Publication Detail

Defeating “Prior Substantiation” Advertising Claims Under State Consumer Protection Laws
Topic: Antitrust and Consumer Protection
By Gregory A. Nylen, a shareholder in the law firm Greenberg Traurig LLP in it Los Angeles office.
Legal Opinion Letter, August 17, 2012, 2 pages
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Publication Summary:

WLF Legal Opinion Letter

Defeating "Prior Substantiation" Advertising Claims Under State Consumer Protection Laws

By Gregory A. Nylen
August 17, 2012 (Vol. 21 No. 19)

California's Unfair Competition Law or "UCL," codified at Business and Professions Code sections 17200 et seq., has long been a fertile source for claims in lawyer-driven false advertising class actions.  But recent decisions have limited plaintiffs to those who are exposed to allegedly misleading statements and who suffer cognizable injury-in-fact, forcing plaintiffs' lawyers to find new angles for their cases.

One of these new angles is to use Food and Drug Administration ("FDA") or Federal Trade Commission ("FTC") warning letters, complaints, or even press releases as a springboard for civil litigation.  Plaintiffs' counsel allege that the FDA's or FTC's notices contain "findings" that are sufficient to support a claim by a private plaintiff that products are mislabeled or "misbranded" because the statements they contain are not substantiated or were made without first completing adequate laboratory testing.  This is sometimes referred to as a "prior substantiation" theory of liability.  Alternatively, plaintiffs will allege that, in making their purchasing decisions, they supposedly relied on--surprise--the same statements the agency contends might be problematic.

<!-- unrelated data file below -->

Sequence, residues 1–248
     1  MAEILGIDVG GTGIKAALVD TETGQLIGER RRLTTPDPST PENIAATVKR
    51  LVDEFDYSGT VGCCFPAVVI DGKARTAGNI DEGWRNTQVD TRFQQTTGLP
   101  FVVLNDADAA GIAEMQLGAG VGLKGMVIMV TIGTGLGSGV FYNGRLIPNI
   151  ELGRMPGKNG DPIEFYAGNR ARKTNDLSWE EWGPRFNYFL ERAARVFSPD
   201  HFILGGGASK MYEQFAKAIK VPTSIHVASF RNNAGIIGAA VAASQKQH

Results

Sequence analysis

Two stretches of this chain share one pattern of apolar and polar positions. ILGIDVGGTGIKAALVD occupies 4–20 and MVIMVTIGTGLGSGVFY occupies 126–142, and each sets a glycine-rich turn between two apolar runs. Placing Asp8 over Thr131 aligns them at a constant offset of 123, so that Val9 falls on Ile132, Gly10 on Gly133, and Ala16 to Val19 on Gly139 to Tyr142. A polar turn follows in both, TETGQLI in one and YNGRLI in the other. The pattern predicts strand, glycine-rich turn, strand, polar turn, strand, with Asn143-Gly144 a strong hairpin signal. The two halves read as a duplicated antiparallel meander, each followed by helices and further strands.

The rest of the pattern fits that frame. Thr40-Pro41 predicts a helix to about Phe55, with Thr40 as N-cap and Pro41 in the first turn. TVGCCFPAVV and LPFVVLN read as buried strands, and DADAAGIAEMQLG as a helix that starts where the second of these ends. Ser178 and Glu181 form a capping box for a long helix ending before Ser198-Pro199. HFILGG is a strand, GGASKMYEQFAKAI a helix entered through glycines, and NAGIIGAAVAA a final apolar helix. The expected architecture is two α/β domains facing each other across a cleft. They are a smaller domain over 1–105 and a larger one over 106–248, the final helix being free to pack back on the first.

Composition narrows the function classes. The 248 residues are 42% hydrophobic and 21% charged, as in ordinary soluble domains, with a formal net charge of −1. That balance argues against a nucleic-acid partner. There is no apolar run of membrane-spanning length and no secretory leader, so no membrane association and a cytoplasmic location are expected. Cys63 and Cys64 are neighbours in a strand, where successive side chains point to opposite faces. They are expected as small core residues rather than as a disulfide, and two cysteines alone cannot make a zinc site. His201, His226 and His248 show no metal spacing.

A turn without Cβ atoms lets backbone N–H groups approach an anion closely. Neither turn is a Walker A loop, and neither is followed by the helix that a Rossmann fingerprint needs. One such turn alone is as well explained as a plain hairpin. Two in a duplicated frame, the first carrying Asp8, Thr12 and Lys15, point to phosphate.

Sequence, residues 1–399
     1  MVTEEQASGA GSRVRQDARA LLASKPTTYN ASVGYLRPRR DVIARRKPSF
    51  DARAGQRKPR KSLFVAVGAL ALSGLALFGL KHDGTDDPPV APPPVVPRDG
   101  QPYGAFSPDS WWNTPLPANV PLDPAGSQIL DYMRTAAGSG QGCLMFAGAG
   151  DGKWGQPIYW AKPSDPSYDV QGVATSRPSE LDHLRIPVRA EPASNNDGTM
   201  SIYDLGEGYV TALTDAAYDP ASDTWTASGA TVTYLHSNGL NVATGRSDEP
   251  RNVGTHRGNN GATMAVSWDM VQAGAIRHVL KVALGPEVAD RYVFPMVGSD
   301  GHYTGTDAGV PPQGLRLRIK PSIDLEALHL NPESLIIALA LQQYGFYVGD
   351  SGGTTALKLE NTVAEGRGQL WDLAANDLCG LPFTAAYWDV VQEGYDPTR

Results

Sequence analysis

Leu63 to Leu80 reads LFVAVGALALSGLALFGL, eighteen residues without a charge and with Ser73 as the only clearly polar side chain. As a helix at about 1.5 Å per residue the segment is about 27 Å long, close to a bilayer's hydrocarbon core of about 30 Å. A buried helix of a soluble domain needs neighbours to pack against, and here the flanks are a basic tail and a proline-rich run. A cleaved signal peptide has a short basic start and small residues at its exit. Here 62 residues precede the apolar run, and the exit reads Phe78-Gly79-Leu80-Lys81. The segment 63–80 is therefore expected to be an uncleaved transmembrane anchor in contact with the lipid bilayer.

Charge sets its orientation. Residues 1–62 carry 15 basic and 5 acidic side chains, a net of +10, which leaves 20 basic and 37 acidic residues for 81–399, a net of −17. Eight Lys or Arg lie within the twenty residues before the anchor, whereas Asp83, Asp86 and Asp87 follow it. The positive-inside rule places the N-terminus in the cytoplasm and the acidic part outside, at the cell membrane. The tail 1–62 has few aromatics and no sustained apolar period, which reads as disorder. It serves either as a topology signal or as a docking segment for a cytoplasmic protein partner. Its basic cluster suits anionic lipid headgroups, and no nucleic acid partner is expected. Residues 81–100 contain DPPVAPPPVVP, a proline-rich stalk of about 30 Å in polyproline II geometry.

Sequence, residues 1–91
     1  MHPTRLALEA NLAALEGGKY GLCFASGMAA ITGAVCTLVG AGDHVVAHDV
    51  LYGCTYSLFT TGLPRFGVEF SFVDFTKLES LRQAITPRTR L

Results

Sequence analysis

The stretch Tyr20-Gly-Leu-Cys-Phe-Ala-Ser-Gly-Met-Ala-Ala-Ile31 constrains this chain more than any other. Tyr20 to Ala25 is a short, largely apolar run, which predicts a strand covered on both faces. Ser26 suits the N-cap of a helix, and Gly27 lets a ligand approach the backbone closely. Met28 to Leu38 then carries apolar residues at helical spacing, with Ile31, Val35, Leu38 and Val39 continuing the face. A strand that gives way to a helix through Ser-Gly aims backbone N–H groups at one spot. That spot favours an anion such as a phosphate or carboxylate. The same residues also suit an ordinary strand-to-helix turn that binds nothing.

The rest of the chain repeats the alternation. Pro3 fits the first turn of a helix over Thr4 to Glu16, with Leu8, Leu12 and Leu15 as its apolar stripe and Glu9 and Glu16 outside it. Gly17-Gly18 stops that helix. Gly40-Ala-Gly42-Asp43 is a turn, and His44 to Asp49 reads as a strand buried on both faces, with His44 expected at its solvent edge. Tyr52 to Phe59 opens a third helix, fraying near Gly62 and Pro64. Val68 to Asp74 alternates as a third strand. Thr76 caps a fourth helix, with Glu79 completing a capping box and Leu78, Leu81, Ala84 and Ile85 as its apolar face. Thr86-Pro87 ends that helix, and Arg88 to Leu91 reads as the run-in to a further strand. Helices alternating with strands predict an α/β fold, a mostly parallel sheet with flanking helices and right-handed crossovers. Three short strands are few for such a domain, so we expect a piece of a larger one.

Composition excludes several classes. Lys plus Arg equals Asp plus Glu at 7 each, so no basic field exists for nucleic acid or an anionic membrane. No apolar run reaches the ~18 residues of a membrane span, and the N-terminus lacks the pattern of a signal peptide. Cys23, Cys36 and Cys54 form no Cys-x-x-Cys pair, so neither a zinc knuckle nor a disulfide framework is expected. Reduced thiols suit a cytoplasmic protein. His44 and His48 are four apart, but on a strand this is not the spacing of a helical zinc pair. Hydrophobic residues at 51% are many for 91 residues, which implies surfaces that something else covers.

Many of these cases have been filed relating to food products, such as a case filed recently against Frito-Lay in the U.S. District Court for the Northern District of California.  In that case, the plaintiff alleges that defendant "misbranded" potato chip packaging because it purportedly did not include certain nutrition information required by the FDA to accompany a claim that the chips contain "0 grams Trans Fat."  In their complaint, plaintiffs reprint an "open letter" from the FDA Commissioner regarding nutrient claims on packages and cite warning letters from the FDA to various companies about possible regulatory violations.  Similar cases have popped up regarding drugs, water containing particular ingredients that may help people sleep, and male enhancement products.